—About Karen Silve
Silve has exhibited throughout the world. In 2015, her work was collected by the new U.S. Consulate in Monterrey, Mexico for their permanent collection. In addition, Silve has exhibited her work extensively in solo exhibitions including at the Portland Performing Arts Center, the Forsyth Center Gallery at Texas A&M University, the Visual Art Center of Northwest Florida, the Tuscaloosa Performing Arts Center and the West Linn Public Library in Oregon. Group exhibitions include those at the Embassy in Doha, Qatar as part of the Art in Embassies Program, the Jemison-Carnegie Heritage Museum Talledega AL, and she was a Resident Artist at Texas A&M University in 2011.
Silve’s memories, surroundings and interactions inform her works. As elegantly described by Peter Frank, Associate Editor of Fabrik Magazine and art critic for The Huffington Post, Silve takes “cues from Cézanne no less than from De Kooning, from Marin no less than from Mitchell, Silve embraces a history of modernist mark-making in order to respond adequately to a world of colors and volumes and temperatures. Without painting landscapes or still lifes, Silve is still a painter of space and the things it contains. She takes inspiration from the places she inhabits and the objects and events she witnesses to “charge” her art. Her paintings do not describe or even suggest her surroundings so much as taste of them. We come away from Silve’s canvases less with an idea of what the Pacific Northwest or the south of France looks like than with a feel of, and for, northern Oregon and the Mediterranean interior, perhaps in the same painting. ....Silve’s painting, however, is not simply about nature, but is natural, the way Monet’s and Mitchell’s is. Like those imposing predecessors, Silve is not content to reflect, but must embody, observation and sensation in her work.”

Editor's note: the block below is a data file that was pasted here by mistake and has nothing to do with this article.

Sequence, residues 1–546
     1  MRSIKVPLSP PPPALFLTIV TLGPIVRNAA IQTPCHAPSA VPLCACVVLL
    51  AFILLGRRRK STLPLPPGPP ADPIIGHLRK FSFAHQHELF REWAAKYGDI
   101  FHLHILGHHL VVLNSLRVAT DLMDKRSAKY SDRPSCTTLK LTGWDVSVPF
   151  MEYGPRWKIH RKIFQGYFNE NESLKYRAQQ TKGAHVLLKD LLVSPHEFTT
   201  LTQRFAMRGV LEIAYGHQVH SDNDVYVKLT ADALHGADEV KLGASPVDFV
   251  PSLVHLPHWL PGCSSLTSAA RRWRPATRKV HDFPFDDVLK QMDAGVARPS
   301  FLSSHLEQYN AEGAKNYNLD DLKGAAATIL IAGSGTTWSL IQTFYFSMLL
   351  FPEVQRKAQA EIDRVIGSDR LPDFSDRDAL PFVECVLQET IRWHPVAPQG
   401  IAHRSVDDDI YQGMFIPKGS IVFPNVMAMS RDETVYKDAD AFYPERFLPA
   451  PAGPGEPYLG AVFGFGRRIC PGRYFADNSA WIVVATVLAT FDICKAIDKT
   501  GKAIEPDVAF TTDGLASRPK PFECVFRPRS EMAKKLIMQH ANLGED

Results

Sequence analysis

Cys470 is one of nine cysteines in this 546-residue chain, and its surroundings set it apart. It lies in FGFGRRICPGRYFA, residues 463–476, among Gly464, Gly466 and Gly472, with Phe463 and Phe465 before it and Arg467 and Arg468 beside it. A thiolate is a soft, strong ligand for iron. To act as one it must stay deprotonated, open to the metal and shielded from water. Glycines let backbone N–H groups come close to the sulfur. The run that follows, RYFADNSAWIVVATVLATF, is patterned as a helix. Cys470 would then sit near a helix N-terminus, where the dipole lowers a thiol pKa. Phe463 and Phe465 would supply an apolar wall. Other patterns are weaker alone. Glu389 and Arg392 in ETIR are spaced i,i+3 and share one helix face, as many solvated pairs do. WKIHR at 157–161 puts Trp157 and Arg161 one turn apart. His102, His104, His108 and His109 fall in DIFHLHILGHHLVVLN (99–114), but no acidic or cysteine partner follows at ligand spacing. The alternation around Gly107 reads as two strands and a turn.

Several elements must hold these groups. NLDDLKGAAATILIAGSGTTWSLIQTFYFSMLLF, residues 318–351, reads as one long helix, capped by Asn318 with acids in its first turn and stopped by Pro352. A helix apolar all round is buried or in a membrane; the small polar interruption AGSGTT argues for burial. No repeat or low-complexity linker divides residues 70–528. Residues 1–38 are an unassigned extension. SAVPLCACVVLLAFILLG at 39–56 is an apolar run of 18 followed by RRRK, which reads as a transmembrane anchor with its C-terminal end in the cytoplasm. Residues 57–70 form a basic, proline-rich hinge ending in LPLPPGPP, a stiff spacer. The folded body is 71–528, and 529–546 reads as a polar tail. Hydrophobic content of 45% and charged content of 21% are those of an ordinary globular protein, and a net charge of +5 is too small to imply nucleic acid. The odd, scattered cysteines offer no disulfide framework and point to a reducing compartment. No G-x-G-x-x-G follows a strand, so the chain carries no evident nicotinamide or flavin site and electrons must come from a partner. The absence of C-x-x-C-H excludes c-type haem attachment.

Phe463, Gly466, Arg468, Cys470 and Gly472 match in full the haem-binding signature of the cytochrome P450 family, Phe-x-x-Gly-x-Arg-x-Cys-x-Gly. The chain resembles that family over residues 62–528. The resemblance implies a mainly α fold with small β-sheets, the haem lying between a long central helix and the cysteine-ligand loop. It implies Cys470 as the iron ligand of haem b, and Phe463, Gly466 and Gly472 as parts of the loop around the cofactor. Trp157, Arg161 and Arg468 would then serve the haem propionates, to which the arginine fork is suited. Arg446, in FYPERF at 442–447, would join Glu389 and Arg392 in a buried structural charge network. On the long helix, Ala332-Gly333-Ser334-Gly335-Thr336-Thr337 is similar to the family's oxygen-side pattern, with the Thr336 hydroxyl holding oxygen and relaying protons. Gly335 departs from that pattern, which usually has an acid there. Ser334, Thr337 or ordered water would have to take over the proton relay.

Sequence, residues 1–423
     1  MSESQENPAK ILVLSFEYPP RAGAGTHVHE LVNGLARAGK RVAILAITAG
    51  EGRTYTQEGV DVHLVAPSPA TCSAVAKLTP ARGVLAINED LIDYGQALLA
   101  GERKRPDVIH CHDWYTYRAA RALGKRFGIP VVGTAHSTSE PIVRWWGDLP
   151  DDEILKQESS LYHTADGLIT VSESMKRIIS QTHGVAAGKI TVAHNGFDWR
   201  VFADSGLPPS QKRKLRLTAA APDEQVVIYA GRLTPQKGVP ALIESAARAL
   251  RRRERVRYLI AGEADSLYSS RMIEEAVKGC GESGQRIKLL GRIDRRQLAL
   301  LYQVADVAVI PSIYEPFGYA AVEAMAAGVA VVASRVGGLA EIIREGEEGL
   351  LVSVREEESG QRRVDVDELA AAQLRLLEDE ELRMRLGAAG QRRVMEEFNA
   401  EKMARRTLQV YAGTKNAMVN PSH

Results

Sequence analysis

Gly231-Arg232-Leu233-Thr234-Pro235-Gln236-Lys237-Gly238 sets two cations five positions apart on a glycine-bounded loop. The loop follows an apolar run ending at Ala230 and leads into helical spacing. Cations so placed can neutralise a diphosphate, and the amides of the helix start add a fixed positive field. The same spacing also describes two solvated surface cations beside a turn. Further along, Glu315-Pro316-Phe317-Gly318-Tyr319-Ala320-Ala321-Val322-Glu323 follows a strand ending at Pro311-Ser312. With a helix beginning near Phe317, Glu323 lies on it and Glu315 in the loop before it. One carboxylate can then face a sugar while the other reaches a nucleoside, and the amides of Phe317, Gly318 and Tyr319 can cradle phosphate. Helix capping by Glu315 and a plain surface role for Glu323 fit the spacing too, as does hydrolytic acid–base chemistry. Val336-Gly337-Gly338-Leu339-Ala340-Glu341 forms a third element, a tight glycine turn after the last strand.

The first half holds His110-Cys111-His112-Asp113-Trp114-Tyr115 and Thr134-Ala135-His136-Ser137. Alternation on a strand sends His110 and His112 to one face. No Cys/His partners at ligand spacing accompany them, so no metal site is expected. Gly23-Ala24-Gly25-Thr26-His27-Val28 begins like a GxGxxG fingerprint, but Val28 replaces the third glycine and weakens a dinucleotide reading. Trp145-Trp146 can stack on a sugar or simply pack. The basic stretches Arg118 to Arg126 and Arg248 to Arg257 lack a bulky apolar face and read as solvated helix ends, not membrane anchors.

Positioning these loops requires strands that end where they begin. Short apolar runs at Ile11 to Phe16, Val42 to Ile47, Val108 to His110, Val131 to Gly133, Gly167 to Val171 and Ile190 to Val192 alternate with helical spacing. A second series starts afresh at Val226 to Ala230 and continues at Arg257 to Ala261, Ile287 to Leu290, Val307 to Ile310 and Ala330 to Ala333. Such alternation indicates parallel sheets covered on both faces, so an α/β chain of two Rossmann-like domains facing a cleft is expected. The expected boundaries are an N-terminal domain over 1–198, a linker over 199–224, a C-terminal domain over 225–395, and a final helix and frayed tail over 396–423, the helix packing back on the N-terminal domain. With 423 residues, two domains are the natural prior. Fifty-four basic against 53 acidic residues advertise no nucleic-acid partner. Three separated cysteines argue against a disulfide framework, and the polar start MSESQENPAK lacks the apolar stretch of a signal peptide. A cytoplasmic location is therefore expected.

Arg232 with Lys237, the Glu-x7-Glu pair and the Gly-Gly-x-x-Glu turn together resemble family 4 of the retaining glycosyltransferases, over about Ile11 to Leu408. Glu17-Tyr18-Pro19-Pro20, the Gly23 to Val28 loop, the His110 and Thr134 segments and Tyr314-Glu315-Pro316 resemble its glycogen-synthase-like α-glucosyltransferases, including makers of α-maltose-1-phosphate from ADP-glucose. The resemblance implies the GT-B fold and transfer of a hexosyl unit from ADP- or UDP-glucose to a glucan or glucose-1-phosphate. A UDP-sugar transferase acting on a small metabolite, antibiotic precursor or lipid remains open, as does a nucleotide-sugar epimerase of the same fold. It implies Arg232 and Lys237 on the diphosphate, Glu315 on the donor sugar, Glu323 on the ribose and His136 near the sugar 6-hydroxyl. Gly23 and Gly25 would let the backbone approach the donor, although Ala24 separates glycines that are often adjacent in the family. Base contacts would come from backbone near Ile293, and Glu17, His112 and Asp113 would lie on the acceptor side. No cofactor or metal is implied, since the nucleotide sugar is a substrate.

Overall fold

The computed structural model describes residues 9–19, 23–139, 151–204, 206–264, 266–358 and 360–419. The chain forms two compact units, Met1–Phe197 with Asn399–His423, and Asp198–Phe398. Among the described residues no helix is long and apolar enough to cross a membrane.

Ann Landi, a contributing writer for ARTnews, wrote about Silve’s work:
“Like her famous progenitors—Willem de Kooning, Jackson Pollock, and Joan Mitchell—Silve depends on a certain degree of spontaneity, the impact of the immediate gesture, to draw viewers into her paintings. To paraphrase the great New York School critic Harold Rosenberg, What goes into the canvas is not a picture but an event. In Silve’s case, it is the act of remembering landscapes, music, or even a particular friend. She brings her whole body to the task of painting, as Pollock did, feeling the energy running through her system and imparting a sense of corporeal presence and gesture to paint and canvas. Significantly, many of her works are human-scaled—sometimes the same height as the viewer—so that we relate to these works with our own bodies and enter into the painter’s dialogue with her materials.”
Silve’s work is held by hundreds of private collections as well as in numerous corporate collections. She maintains two studios, one in Portland, Oregon, and the other in Provence, France.